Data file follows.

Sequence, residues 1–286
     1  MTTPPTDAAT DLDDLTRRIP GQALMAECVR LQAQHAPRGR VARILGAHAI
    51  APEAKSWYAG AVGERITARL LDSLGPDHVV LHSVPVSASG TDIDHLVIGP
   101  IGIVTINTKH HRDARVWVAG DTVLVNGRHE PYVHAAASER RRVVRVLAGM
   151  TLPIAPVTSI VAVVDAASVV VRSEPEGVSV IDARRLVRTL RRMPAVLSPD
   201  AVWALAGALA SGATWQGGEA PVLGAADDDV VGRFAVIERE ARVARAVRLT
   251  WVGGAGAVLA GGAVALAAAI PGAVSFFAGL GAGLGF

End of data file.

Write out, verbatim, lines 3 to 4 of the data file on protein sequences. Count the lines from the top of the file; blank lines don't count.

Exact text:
    51  APEAKSWYAG AVGERITARL LDSLGPDHVV LHSVPVSASG TDIDHLVIGP
   101  IGIVTINTKH HRDARVWVAG DTVLVNGRHE PYVHAAASER RRVVRVLAGM